The second criteria is that there are no alternative courses of action, but obviously that is not the case as the MBS investors have suggested a clear second option to writedowns: the foreclosure process.
The third leg of the justified eminent domain use stool is fair compensation. This is particularly important because the mortgages to be seized would explicitly be taken with the intention of paying the investor less than the face value of the mortgage as a part of forcing the reduction of principal. As Shiller writes in his New York Times piece: "Governments could seize underwater mortgages, paying investors fair market value for them... The true fair market value for these mortgages is arguably far below their facevalue, given the likelihood of default, with its attendant costs."
The question becomes what really constitutes fair value? A standard free market view would be that fair market value is actually what someone will pay for a good or service, not what a judge determines as the worth of an underwater mortgage. And this could create complications for a condemning authority trying to figure out how to price the underwater mortgage.
Consider that if the price the investor would demand to sell the mortgage is not what the market is buying at (which is presumably the case, otherwise there would be no need for the eminent domain), then the government could buy at a price that it will be unable to later sell the mortgage for; thus creating financial liabilities for taxpayers. On the other hand, if the government forced the investor to sell at a lower price than desired, has the investor truly been compensated justly to meet the criteria for eminent domain to be legal?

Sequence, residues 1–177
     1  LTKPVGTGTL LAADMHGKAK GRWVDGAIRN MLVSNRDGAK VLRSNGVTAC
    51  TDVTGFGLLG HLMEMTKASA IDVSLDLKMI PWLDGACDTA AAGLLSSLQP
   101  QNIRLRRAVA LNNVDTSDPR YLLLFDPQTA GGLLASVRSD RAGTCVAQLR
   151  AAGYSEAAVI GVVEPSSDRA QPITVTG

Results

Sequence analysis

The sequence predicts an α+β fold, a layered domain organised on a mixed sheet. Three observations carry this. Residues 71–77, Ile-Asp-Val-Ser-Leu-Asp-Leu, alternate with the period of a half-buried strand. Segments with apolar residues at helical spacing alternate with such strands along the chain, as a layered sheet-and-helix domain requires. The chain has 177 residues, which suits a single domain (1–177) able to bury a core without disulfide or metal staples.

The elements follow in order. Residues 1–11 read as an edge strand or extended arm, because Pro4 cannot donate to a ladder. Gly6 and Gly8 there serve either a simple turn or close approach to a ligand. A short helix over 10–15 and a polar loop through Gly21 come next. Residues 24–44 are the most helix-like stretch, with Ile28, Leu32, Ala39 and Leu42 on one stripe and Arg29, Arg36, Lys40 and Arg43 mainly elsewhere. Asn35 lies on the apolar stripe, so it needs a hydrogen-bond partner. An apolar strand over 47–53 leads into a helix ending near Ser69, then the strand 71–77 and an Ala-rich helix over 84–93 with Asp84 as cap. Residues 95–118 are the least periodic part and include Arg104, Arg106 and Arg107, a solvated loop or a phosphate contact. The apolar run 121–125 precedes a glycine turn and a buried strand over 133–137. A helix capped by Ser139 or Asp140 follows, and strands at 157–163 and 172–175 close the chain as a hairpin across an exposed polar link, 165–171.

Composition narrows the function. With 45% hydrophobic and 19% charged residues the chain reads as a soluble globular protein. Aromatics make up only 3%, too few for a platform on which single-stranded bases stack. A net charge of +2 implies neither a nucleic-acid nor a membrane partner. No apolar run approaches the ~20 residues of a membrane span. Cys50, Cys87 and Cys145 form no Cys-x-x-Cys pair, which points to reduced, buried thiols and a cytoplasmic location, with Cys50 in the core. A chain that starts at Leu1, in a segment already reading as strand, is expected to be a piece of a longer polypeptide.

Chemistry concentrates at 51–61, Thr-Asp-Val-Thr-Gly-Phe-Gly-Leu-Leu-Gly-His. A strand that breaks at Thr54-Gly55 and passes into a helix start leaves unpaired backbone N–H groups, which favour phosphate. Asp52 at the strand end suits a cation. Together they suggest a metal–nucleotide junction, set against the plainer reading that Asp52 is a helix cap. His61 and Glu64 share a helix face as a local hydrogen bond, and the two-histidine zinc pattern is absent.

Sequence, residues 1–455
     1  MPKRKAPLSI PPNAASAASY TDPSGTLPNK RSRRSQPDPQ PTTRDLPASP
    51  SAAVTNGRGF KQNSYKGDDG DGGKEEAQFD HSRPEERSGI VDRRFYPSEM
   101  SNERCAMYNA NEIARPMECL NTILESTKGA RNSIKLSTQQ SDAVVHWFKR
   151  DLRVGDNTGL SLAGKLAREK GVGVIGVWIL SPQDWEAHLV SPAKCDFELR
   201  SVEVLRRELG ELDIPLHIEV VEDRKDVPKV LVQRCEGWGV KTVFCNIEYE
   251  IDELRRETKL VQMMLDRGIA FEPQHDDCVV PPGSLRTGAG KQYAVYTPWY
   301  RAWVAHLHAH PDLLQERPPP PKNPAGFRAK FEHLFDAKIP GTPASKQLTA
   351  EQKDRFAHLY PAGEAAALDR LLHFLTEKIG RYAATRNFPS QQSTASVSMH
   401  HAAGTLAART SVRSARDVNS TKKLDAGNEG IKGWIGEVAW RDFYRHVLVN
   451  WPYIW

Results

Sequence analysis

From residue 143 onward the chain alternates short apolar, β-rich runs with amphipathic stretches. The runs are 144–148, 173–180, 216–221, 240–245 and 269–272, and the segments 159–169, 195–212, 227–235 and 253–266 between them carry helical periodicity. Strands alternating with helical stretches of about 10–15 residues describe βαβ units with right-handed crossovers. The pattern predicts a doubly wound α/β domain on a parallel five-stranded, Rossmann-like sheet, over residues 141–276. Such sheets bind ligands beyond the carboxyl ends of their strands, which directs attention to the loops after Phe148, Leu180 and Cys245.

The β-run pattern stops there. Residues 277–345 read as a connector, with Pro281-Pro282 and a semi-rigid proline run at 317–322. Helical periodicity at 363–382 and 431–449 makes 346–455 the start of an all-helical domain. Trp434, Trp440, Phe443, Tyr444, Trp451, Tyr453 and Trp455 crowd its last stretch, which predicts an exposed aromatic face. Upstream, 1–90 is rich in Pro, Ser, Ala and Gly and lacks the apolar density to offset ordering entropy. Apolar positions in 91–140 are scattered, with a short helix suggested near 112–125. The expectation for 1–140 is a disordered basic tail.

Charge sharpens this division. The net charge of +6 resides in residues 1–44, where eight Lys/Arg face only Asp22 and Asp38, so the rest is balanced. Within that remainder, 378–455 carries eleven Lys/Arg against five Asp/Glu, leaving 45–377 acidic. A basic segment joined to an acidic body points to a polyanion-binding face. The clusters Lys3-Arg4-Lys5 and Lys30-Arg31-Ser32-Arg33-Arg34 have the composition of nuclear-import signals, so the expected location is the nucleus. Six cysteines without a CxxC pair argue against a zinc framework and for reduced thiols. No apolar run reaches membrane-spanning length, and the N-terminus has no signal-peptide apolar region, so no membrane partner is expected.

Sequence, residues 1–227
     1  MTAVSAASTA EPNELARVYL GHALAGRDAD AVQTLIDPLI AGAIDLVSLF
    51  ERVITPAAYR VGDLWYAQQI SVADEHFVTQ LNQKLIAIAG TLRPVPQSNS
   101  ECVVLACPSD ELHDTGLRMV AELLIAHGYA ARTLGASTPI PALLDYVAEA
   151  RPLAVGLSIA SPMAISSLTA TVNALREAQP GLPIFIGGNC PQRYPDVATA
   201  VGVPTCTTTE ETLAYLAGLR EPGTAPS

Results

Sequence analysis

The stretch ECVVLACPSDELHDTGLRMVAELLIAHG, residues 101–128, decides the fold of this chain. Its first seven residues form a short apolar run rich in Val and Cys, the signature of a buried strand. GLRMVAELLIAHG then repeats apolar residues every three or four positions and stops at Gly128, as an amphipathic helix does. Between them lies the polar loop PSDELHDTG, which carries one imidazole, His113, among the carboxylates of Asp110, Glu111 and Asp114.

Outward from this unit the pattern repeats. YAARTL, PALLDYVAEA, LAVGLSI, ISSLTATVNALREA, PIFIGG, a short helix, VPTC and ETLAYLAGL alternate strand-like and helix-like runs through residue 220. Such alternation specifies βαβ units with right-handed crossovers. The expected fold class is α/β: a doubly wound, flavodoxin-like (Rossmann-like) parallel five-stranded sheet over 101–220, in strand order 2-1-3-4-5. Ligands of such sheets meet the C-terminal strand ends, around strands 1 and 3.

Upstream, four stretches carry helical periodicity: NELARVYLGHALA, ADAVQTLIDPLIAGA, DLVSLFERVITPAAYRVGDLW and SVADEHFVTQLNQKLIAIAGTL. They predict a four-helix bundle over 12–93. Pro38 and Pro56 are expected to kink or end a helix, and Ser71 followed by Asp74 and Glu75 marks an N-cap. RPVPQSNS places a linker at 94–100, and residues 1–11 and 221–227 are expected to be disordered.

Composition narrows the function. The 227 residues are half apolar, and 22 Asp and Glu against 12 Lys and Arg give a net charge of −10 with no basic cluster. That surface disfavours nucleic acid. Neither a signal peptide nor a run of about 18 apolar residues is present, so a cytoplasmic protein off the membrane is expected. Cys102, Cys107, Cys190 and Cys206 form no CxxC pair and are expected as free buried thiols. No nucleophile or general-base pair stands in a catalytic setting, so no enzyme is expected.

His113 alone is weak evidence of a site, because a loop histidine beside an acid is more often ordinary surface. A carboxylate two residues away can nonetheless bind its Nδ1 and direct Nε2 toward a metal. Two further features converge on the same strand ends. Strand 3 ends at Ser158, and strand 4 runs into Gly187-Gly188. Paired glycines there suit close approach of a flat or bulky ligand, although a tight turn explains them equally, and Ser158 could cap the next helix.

Ultimately, Shiller is able to over look the potential for eminent domain abuse that violates property rights and misconstrues fair value because he is looking at the housing mess as a collective action problem.
"At the moment, the trouble in our real estate markets and the drag these markets are placing on our entire economy may be understood as a collective action problem," Shiller wrote as the foundation for his argument. "In the current real estate market, the relevant group is enormous and complex... These people live all over the world and have no way of communicating with each other, let alone coming to an agreement to give homeowners a break."
Shiller's view is that there is no way the investors caneffectively or efficiently respond to housing market problems because of constraints of collective action. Therefore, ignore the problems of this proposal as argumentative nitpicks and focus on the short-term picture.